2.2. Virtual Queue at the Transport Layer
denotes the arrival rate of service in session injected into the transport layer from the application layer at source node. is the maximum arrival rate of session m. is the admitted rate of session injected into the network layer. is an auxiliary variable called the virtual input rate. There is a virtual queue for every service in session at the service’s source node. The virtual queue at the transport layer of source node is denoted by that is updated as follows:If each virtual queue is guaranteed to be stable, according to the necessity and sufficiency for queue stability , it is apparent that , where the time average value of time-varying variable is denoted by . Therefore, the lower bound of can be derived from which is calculable.
2.3. Data Queue at the Network Layer
The data backlog queue for service in session at the network layer of node is denoted by . In each slot , the queue is updated aswhere represents the set of nodes with . represents the set of nodes with . is the amount of data of service in session to be forwarded from nodes to in time slot . is an indicator function that denotes 1 if and denotes 0 otherwise. In addition, must not be greater than the transmission capacity of link in time slot .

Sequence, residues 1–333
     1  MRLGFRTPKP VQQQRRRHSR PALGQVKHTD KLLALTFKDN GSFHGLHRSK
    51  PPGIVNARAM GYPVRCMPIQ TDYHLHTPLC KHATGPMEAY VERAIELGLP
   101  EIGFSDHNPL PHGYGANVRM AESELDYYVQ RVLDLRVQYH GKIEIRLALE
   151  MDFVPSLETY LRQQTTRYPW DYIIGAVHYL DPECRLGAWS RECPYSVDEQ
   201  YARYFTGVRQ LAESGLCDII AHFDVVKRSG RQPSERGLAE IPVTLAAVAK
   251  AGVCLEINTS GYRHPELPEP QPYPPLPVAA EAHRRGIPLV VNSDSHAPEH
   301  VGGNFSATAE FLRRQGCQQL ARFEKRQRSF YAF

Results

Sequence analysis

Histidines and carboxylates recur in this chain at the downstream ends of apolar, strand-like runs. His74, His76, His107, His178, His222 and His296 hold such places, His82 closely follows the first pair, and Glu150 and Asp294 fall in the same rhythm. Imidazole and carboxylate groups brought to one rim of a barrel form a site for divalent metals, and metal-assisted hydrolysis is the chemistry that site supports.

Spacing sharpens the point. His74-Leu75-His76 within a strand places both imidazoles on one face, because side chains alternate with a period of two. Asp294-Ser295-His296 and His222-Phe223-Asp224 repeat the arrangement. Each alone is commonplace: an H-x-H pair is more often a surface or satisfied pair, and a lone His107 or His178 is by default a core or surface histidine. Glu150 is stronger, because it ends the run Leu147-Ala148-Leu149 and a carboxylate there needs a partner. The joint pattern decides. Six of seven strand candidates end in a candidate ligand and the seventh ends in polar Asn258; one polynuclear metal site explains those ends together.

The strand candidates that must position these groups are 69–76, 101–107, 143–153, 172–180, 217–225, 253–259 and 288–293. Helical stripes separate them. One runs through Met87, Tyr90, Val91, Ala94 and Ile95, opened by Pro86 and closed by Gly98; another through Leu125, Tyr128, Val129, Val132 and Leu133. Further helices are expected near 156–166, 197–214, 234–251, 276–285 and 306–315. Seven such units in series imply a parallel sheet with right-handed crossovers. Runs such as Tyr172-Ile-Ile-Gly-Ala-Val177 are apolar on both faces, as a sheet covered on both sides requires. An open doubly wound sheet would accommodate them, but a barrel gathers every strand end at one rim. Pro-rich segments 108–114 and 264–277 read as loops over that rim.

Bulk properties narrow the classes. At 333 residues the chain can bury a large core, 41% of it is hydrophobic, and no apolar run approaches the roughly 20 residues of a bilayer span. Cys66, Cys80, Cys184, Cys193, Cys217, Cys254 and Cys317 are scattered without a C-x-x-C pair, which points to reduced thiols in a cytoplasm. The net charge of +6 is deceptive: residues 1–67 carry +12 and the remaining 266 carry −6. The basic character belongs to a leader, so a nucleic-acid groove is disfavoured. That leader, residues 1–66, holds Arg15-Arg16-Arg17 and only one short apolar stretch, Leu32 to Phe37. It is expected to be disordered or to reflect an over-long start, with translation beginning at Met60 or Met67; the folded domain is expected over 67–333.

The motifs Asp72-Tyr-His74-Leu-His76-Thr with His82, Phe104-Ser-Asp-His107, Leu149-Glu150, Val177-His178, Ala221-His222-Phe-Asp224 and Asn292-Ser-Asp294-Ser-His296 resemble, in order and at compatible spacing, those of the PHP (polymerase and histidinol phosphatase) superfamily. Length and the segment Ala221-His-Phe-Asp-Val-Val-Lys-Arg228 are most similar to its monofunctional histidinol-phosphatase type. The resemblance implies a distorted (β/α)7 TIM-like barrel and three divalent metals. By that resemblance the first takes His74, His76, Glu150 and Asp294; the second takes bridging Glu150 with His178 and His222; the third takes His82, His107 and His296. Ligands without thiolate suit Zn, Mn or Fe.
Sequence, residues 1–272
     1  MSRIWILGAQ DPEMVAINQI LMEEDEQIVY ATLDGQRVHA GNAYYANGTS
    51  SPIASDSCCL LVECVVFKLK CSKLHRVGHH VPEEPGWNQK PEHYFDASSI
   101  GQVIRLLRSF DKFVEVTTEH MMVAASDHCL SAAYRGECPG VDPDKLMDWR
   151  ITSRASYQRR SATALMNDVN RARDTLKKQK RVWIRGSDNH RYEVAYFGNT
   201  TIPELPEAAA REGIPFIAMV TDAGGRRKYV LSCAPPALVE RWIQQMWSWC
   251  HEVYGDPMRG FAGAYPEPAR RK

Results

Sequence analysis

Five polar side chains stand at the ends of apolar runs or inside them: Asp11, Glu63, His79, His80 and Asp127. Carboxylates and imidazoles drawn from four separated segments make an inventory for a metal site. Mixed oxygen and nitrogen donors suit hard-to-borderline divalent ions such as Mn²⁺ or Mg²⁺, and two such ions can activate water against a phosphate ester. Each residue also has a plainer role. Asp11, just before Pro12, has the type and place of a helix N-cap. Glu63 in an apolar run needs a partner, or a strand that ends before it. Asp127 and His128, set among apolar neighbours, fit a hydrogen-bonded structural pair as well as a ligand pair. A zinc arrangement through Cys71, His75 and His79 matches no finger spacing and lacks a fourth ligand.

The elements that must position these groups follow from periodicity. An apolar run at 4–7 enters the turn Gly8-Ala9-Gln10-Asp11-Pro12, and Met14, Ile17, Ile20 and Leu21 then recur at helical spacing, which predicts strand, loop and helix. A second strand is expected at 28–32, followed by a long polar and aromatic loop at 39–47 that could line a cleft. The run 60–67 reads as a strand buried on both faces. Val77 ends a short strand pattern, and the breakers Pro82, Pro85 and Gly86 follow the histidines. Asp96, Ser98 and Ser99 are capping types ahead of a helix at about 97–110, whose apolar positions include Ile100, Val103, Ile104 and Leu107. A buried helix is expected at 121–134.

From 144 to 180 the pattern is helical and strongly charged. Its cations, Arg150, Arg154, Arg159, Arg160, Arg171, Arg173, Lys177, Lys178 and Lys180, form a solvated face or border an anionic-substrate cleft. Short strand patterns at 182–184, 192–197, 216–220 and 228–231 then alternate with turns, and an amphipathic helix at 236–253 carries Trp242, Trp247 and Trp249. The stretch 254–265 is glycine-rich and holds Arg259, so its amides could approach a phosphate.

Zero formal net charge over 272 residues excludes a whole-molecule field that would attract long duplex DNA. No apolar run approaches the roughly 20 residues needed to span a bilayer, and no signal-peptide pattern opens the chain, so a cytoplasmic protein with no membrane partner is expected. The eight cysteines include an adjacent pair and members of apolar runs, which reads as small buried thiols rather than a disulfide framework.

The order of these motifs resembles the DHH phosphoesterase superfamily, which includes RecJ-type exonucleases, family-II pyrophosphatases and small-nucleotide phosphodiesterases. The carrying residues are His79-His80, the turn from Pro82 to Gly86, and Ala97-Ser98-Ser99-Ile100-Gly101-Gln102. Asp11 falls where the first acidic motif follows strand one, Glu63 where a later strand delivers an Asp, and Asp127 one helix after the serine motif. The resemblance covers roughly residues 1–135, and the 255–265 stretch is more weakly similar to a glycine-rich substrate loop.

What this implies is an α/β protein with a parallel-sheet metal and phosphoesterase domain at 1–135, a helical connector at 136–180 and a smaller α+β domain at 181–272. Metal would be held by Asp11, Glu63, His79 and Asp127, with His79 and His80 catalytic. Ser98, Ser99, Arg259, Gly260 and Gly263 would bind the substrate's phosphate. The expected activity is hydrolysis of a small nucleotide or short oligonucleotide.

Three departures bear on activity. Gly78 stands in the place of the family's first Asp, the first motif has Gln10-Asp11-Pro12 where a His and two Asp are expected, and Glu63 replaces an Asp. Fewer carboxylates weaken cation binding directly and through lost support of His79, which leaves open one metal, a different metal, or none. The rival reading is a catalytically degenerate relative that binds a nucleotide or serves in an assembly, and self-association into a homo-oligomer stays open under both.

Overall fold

2.4. Design of Priorities of Services
represents the priority of service , which is used to denote the importance degree of service in scheduling. is calculated using the method as follows: is the average data arrival rate of service . represents the maximum allowable end-to-end delay bound of service k. denotes the basic average data arrival rate. is the basic allowable end-to-end delay. and can be calculated as
2.5. Design of Throughput and Delay Weight Coefficients
represents delay weight coefficient of service . In every interval, the destination nodes of the same service calculate the average end-to-end delay of their corresponding service and the delay weight coefficient. As an example of service k, in destination nodes of service k, is calculated asHere, is the average end-to-end delay of service in interval . Similarly, the throughput weight coefficient of service k, is calculated as follows: represents the average throughput of service in interval . denotes the required average throughput of service k.